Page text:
The rise of social onboarding

Illustration 17 07/02/2024

What is social onboarding? Putting the individual needs of the new starter, and the quality of their experience, at the heart of the onboarding process.

Above all, it’s about connections. It seeks to ensure that every new joiner connects on a human level; with their manager, their colleagues, and the culture and purpose of the organisation they are joining. It should begin from the moment a candidate accepts the offer of a job. (Or, as we shall see in the case of NatWest Group, even before this.)

It’s an approach that had already been gaining momentum before the onset of the Covid-19 pandemic (certainly at Eli anyway). But the constant lockdowns and the switch to remote working made the need to pivot towards this new way of welcoming new starters more urgent than ever. Even now, years on, organisations are still making their mind's up about flexible, hybrid, and office-based workforces (and everything in between). But, no matter where your new hires are working from, you still need to deliver an experience that build connections, starts relationships and allows new hires to make work friends. 

Building human connections into onboarding

How is this achieved? By actively ensuring that social interactions which drive engagement, performance and loyalty are built into the onboarding process. Create a timeline from offer to the first 90 days that includes a large percentage of social interactions, interspersed with the more transactional (though essential) processes of onboarding.

Using technology to build networks

A structured approach works wonders here, so you can ensure consistency, as does choosing the right technology partner. Why? Well, it should enable you to empowers candidates to build their own social network in a virtual world (particularly useful during pre-boarding). Then, when they do find themselves in the office, they reach out in-person to the people they already know. Eli, for instance, allows you to create social walls where people can interact with each other as you might on Facebook, and to give access to ERGs or affinity groups, so that new candidates can receive support and go on to support others. It can allow you to create easy-to-use checklists that build in regular interactions with managers, HR, the L&D team and buddies, so new joiners always have someone they can contact. It will become a go-to hub with regularly updated information, and a place where events and team calls can be arranged.

Moving from the transactional to the social approach

Jenny Steele, Talent Attraction & Acquisition Manager for Early Careers at NatWest Group is a strong advocate of social onboarding.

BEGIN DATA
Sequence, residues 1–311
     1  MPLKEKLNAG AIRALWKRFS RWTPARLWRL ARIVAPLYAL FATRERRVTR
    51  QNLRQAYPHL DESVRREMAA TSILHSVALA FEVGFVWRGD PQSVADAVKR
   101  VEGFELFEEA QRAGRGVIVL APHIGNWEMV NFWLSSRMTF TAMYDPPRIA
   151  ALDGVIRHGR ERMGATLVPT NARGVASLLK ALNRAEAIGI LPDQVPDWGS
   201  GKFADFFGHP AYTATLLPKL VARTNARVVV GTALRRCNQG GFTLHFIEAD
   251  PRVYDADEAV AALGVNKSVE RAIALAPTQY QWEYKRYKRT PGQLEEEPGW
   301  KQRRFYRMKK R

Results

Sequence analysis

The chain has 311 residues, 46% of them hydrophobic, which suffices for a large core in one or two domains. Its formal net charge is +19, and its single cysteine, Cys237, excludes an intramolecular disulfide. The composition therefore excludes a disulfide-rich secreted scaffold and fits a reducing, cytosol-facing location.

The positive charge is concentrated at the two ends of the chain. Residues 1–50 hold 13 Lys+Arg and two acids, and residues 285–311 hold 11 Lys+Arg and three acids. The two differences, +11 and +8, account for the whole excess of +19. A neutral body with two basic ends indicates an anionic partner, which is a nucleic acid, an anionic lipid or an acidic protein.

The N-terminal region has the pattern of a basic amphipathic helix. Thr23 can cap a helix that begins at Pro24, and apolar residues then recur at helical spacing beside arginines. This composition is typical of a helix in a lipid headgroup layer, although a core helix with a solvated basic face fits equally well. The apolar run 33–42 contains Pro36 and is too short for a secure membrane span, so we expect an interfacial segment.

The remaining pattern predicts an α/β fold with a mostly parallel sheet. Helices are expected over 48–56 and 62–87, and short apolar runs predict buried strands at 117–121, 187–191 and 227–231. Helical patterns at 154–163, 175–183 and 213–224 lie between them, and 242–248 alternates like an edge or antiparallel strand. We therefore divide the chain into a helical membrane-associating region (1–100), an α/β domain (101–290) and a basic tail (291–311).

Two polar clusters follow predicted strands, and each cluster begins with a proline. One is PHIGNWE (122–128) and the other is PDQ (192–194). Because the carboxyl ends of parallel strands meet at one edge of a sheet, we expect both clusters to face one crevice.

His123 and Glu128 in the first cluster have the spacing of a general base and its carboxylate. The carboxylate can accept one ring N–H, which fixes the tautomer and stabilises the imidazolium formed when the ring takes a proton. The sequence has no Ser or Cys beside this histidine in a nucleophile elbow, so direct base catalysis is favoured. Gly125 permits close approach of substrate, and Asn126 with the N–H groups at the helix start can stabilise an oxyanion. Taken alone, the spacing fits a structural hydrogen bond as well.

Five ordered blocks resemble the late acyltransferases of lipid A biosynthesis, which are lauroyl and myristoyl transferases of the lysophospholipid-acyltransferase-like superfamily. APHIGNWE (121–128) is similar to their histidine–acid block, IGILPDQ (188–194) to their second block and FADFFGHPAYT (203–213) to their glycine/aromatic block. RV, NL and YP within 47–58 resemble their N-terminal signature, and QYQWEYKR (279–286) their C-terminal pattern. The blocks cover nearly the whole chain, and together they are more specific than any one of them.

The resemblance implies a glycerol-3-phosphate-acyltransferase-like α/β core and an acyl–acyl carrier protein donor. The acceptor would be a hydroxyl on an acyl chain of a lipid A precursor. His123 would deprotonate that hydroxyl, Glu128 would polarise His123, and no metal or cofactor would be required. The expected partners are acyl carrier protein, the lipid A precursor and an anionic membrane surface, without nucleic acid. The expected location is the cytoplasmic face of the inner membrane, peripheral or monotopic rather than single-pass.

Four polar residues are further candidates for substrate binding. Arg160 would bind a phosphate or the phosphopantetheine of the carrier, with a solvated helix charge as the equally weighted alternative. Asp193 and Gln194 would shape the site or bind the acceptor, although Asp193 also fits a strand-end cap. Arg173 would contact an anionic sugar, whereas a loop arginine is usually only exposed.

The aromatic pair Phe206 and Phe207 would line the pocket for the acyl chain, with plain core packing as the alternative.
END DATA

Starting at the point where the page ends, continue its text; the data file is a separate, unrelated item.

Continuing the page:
“We’ve really moved away from our onboarding just being seen as our pre-employment screening – which of course in a bank is really critical – and must be done before we have anybody join. But for us, onboarding is so much more than that – it’s part of the candidate experience – of their journey.”

How a central hub drives community, increases efficiency and reduces stress

“Having one key hub through which all information flowed has proved vital in creating a sense of community in the virtual world,” Jenny explains. “Our inductions are in the UK, but candidates join from all over the world, so it was really important that we could signpost when sessions were held, when they would be recorded and when certain groups would be available for drop ins and check ins. Being able to communicate that in one place made a massive difference. Having the Eli onboarding tool made it easy for us from the backend perspective, but also for the user experience it made it really simple – new starters knew where to go, they weren’t searching for emails from many different people – it was all contained in one site.”

An approach with tangible results

“You can see how much our graduates engaged with the NatWest onboarding portal – each of them visiting it an average of 50+ times last year and staying an average of four minutes each time – so they weren’t just going on each time to merely check for messages,” says Jenny.

Of course, it’s not just early career recruiters that are seeing tangible results in large and small ways by creating an onboarding experience that helps every new hire feel like they truly belong, with many clients seeing their professional hires visit their portal more than 10 times before day one.

It’s clear that organisations who build social interactions and positive touchpoints into their onboarding experience will be able to drive higher engagement, retention and performance, as well as improving well-being, social mobility and inclusion.

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